There are any number of possible scenarios in which you should never be afraid to seek the professional advice and assistance of a qualified tax attorney. Hiring a tax relief attorney isn’t advisable only in extreme situations, such as when you are being investigated for possible tax evasion or outright tax fraud. There are many situations in which you may require assistance to guide you through the complex, convoluted, and rapidly changing climate of the modern American tax system. If you are bewildered by tax issues which arise as a consequence of running a small business, or a personal stock portfolio, you should certainly seek out a qualified tax attorney to answer any questions you may have. We answer the complicated question, “When do you need a Tax Attorney?”.
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Situations In Which You May Need A Qualified Tax Attorney
- Do you owe more than $10,000 in back taxes to the IRS?
- Are you being threatened by IRS collections? (Levies, liens, garnishment, etc,)
- Are you currently planning to bring a lawsuit against the IRS?
- Are you currently being investigated by the IRS?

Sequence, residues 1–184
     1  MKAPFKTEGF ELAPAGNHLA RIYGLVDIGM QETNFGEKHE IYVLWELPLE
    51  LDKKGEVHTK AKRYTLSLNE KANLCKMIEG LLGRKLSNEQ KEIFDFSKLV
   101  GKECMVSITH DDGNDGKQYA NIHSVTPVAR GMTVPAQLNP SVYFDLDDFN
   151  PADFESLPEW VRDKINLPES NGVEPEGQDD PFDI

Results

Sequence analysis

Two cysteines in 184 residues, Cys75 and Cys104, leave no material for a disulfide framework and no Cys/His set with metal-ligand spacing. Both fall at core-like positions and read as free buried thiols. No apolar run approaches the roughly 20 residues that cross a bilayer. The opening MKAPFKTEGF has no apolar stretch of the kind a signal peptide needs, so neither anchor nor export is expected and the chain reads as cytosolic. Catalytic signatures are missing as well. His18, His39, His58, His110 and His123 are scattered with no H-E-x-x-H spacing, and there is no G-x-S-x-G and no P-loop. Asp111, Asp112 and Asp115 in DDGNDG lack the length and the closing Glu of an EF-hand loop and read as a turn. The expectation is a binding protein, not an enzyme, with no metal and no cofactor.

- Do you think you may have (or do you know for certain that you have) committed tax fraud?
- Do you disagree with a tax decision which the IRS has handed down to you?
- Are you starting a business? If so, you may need advice on how to structure your new company. For example, you may need expert advice on whether to make your new business an LLC, corporation, or sole proprietorship.
- Are you involved in starting a new business which will be based overseas?
- Are you preparing your estate plan? Or filing an estate tax return?
- Are you dealing with any other sort of tax issue which you plainly don’t understand?
What Your Tax Attorney Should Possess
The tax attorney that you hire to represent you and resolve your taxation issues should be duly qualified for their position. That is to say that they should possess, at the absolute minimum, a Juris Doctor (J.D.) degree. They should be able to quickly show documented proof of having been admitted to the state bar. In an ideal situation, your tax attorney should possess advanced tax law training, such as would enable them to possess a Master of Laws degree.
You should be very careful and diligent when searching for a tax attorney. Make sure that they possess the minimum qualifications described above. Ask for a reference from your personal accountant or banker, or check your local bar association chapter for a reference.